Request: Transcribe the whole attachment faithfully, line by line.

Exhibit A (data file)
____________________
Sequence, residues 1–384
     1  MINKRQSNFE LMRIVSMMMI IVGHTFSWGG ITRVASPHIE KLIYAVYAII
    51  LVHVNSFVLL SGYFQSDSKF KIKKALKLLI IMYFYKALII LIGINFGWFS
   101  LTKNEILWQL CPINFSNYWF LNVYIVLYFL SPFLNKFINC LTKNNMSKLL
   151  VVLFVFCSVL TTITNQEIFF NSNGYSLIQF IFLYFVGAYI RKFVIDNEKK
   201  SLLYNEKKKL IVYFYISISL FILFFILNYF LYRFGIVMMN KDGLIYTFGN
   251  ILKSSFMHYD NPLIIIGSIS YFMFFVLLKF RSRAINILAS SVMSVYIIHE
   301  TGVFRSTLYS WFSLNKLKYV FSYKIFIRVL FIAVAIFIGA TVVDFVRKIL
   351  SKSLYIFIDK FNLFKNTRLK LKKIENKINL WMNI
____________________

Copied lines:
Sequence, residues 1–384
     1  MINKRQSNFE LMRIVSMMMI IVGHTFSWGG ITRVASPHIE KLIYAVYAII
    51  LVHVNSFVLL SGYFQSDSKF KIKKALKLLI IMYFYKALII LIGINFGWFS
   101  LTKNEILWQL CPINFSNYWF LNVYIVLYFL SPFLNKFINC LTKNNMSKLL
   151  VVLFVFCSVL TTITNQEIFF NSNGYSLIQF IFLYFVGAYI RKFVIDNEKK
   201  SLLYNEKKKL IVYFYISISL FILFFILNYF LYRFGIVMMN KDGLIYTFGN
   251  ILKSSFMHYD NPLIIIGSIS YFMFFVLLKF RSRAINILAS SVMSVYIIHE
   301  TGVFRSTLYS WFSLNKLKYV FSYKIFIRVL FIAVAIFIGA TVVDFVRKIL
   351  SKSLYIFIDK FNLFKNTRLK LKKIENKINL WMNI